Thursday, December 12, 2019

Things to Avoid Saying to a Person With Parkinson's Disease



 (Written originally for The Northwest Parkinson's Foundation.)

What can I say? It’s a free country. You can declare, utter, intone or even verbalize whatever you like (almost). But if you want to spare your friend/acquaintance/loved one who has Parkinson's some silent tooth-gnashing, here are a few things to avoid saying to them.

1.) “Boo!” Those of us with Parkinson's are more easily startled than those of you without it. This is probably has to do with the autonomic nervous system, its connection to the pre-frontal fizgig and the hemispheric laterality of the whoopsy response in our lizard brain. Whatever. I just know that I am more susceptible to being startled than I was before Parkinson’s set in. So, as charming as the novelty of seeing a Parkinsperson jump may be, try not to startle them deliberately. They are anxious enough as it is.

2.) "Parkinsperson" I thought this word up myself to avoid the constant repetition of the phrase “People with Parkinson’s” or the use of the dreaded term “Parkie” when writing about Parkinson's. But “Parkinsperson” identifies the individual as primarily defined by their disease. Parkies hate that, and who can blame them? Furthermore, it’s just a plain ugly word. What was I thinking? My apologies.

3) “Parkie” Some love this word, some hate it. Those who hate it really loathe it. Rather than risk more tooth-gnashing, surely you can think up something better. (Note: “Parkie” is also an Alaska term used by indigenous people to refer to their Winter coats. There is nothing potentially or actually offensive about the use of the word in this context. Isn’t language fun?)

3.) "Hurry up!” It’s hard not to say this, I know. But slowness of movement is one of the cardinal symptoms of Parkinson’s. It more than goes with the territory, it IS the territory. The person you are urging to make haste is probably already hurrying, at least, for them. When I hurry is when I am most vulnerable to falls. So weigh your immediate desire to get going against the time a trip to the emergency room will cost you, not to mention the cost in actual money. If you find this annoying, try silently gnashing your teeth.

4.) “You’re looking good” I understand this is meant as a compliment, however, there is an unspoken thought that goes with it. That thought: you have a dread disease and should look like absolute crap. Well, give it time, and someday we’ll all look that way, In the meanwhile, consider a simple “How nice to see you.”

 5.) “If anyone can beat this disease, you can.” again, I understand this is meant well. But what are you asking of the person who is sick here? For thousands of years, millions of people have had Parkinson’s, and as far as I know, not one has “beaten” it yet. So you are asking the impossible of someone who is already struggling. Furthermore you are burdening them with the obligation not to let you down. Instead you are putting them on notice that they are somehow special and therefore duty-bound to rise like a phoenix from the ashes. Even further, what does it mean to “beat” Parkinson's? To be symptom-free forever? To live as long as you can as well as you can?  To be made whole in flesh and spirit? How do we keep score? And who is the score keeper?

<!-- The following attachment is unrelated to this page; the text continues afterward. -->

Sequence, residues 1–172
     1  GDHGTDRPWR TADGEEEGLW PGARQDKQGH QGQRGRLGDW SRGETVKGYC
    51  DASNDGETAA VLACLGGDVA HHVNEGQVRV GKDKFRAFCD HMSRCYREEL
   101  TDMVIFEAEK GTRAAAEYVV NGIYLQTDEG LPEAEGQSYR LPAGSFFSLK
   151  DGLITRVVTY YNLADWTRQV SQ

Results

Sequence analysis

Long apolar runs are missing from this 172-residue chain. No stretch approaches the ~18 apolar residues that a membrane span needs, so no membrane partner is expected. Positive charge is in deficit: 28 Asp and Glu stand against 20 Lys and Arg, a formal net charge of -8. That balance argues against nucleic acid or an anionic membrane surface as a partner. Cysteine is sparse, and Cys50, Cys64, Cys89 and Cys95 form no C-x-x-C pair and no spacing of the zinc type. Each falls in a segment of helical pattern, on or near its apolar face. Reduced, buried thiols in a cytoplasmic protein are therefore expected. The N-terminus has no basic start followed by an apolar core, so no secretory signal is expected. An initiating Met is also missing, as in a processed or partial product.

To sum up, let’s construct a sentence using all our unfortunate words and phrases in one grandly offensive tongue stumble, as an example of what to avoid when chatting with a person who has this disease.  (Caution, to those of you who have Parkinson's, the following may be triggering.) Here goes…

“Boo!... Hey, you’re looking good! But you better hurry up, Parkie! If any parkinsperson can beat this disease, you can, so get going!”

If that sounds awkward to you, think how it sounds to a person with Parkinson’s.

Thursday, August 15, 2019

August Parkinson's Reminders for the Anchorage Area

With the regularity of the Moon circling the earth, the Sun rising and setting, the very stars in their steady courses, the third Saturday of the month is rolling our way. And that means it's time for our hardy band of northern Parkinspeople to meet! I will be handing off the talking stick to Jane Mara who has agreed to facilitate the meeting. So show up for something new this weekend at 3:30 on the fifth-floor Tundra Lounge of the Anchorage Pioneer home.

And another thing , we will also have a deluxe bonus August meeting with very special guest Jennifer Riedel, Associate Director for advancement at the MJ Fox Foundation for Parkinson's Research, Wednesday, August 21, 6:00 pm at the Pioneer home, up in the Tundra Lounge. Jennifer will be sharing the latest research updates from the Fox foundation and this promises to be a real barn-burner of a meeting. Don't miss it!

Furthermore... The September meeting will not take place in its usual form, Instead it will be pre-empted  and augmented by the Parkinson's Live Well, Alaska program, a full day of presentations from local, regional and national PD savants, experts and wisepeople.  It will EDUCATE, INSPIRE and EMPOWER you in your daily coping with PD.  It all happens Saturday, September 14, 10:30 am to 3:30 pm at the Anchorage Senior Center, 1300 East 19th Ave in Anchorage Pre-registration required. You may pre-register here  Or give them a phone call (206) 695-2905.  I will have brochures for the event at our upcoming meeting.

Festinate Forward,

Peter

Wednesday, July 31, 2019

Bonus Meeting of the Anchorage PD Support Group! Update from the MJ Fox Foundation

The Anchorage Parkinson’s Disease Support Group invites our members and care-partners, visitors and new friends who find themselves navigating Parkinson’s disease to join us on Wednesday August 21 from 6:00PM – 8:00PM for a special presentation. The presentation will be held in the Tundra Lounge (5th Floor) at the Anchorage Pioneer Homes located at 923 W 11th Ave Anchorage, AK 99501).